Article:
Pulsations

ecoPULSE logo

Exploring futures through enquiry, creativity + connections

ecoPULSE is a collection of investigative, ecology-centred, digital media projects led by Australian artist, Kim V. Goldsmith. These projects explore relationships with, responses to and narratives about our place in the natural world and within regional communities, wherever they may be.

SUPPORT ecoPULSE

Donate for the cost of a cup of coffee – weekly, fortnightly or monthly, through Australian Cultural Fund. Donations over AUD$2 are tax deductible in Australia.

DONATE TO THE AUSTRALIAN CULTURAL FUND TO SUPPORT ecoPULSE + OUR PROJECTS

The changing environments of two of the world’s internationally recognised wetlands are under the microscope in an exciting collaboration between artists, land managers and environmental specialists in the UK and Australia. Titled Mosss + Marshes, exhibitions, a publication and public programming are now underway – see Events for more information.

Download the Echoes app to your mobile to hear the Fenn’s Whixall Moss sound walk

Keep scrolling to find out more about other ways to CONNECT or CONTRIBUTE

WHO FACILITATES ecoPULSE

“Kim is an example of what regional arts should be, not art just made regionally, but art that questions and challenges regionality as a limitation, that sees in its extreme the opportunity to be revelatory.”

JESSICA MOORE, DUBBO REGIONAL COUNCIL CULTURAL DEVELOPMENT COORDINATOR, 2019

KIM V. GOLDSMITH‘s digital media and installation practice is informed by her former professional life as a print/radio journalist, farmer, and communications specialist. She has a deep love for the land and the life forms that depend upon it. Kim’s art practice of the past two decades has consistently explored the complexities of human relationships with the environment.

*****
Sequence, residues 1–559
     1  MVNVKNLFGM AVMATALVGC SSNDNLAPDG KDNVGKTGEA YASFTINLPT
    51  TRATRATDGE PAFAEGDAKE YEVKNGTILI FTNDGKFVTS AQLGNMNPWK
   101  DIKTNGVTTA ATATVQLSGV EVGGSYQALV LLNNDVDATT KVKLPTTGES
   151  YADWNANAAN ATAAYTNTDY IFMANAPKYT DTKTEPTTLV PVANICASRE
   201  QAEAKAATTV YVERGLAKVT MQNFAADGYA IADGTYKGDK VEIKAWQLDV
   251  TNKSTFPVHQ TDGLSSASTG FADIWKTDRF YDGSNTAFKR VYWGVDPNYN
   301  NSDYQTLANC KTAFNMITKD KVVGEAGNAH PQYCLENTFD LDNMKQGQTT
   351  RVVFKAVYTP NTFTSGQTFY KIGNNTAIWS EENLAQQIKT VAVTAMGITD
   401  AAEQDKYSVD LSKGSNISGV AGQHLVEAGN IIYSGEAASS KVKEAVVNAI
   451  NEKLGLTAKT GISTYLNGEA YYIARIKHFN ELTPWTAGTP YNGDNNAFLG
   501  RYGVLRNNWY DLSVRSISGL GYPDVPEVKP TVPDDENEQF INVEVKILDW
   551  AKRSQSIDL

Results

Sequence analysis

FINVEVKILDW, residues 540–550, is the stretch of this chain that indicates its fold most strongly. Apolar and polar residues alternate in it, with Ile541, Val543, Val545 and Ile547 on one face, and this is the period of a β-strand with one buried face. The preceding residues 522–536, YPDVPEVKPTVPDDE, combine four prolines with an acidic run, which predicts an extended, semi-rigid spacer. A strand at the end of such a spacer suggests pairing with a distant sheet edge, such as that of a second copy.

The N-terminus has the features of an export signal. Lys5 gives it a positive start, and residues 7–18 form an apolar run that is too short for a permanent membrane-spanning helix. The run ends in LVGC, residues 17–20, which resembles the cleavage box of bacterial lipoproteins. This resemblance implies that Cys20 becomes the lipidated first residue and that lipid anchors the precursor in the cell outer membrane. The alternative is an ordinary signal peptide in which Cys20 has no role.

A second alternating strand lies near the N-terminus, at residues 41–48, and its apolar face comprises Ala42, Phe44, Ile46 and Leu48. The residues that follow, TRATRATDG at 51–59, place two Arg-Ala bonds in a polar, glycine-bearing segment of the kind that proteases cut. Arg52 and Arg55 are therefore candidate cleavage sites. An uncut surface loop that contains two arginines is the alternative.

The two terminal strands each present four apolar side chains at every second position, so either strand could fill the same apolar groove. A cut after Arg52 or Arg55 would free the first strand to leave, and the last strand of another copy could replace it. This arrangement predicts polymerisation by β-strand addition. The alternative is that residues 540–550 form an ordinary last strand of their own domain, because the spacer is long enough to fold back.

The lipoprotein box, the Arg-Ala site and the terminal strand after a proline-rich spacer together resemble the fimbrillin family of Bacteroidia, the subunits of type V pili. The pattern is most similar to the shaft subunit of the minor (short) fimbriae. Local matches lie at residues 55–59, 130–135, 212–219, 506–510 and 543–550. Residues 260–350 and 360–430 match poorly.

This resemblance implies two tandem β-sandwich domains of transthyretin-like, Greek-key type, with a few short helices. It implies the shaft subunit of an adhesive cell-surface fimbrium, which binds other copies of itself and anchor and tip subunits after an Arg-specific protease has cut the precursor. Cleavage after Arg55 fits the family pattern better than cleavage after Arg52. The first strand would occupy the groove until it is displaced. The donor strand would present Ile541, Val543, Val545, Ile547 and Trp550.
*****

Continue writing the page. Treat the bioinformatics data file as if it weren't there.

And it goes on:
Kim has been developing the use of digital media and sensory installation techniques since 2008/09, when she first investigated the use of digital media as part of a collaborative social ecology project with Peter E. Charuk and Gail Naden, facilitated by the Western Plains Cultural Centre (Dubbo NSW). The resulting 2009 exhibition Perspectives. Art. Ecology., was a turning point in her practice.

Over the past decade, she has exhibited in curated solo and group shows, pop-up public events, and contemporary art festivals including Cementa 2015 and 2019Vivid Sydney’s Curve Ball event (2016), and Artlands 2016, and over the past four years, in international exhibitions with Arts Territory Exchange.

Pictured on the cliff tops at the base of the Skagi peninsula, along the east coast of the Húnaflói, Iceland in 2019

ecoPULSE Projects

Using a range of digital technologies, community consultations, research, storytelling and immersive installation, ecoPULSE Projects aim to consider and present new perspectives about the ecologies of rural and regional territories. We also love sharing our skills and knowledge. Our projects also include opportunities to learn from our artists and community experts.

Project updates

Cadence

  • The power of the abstract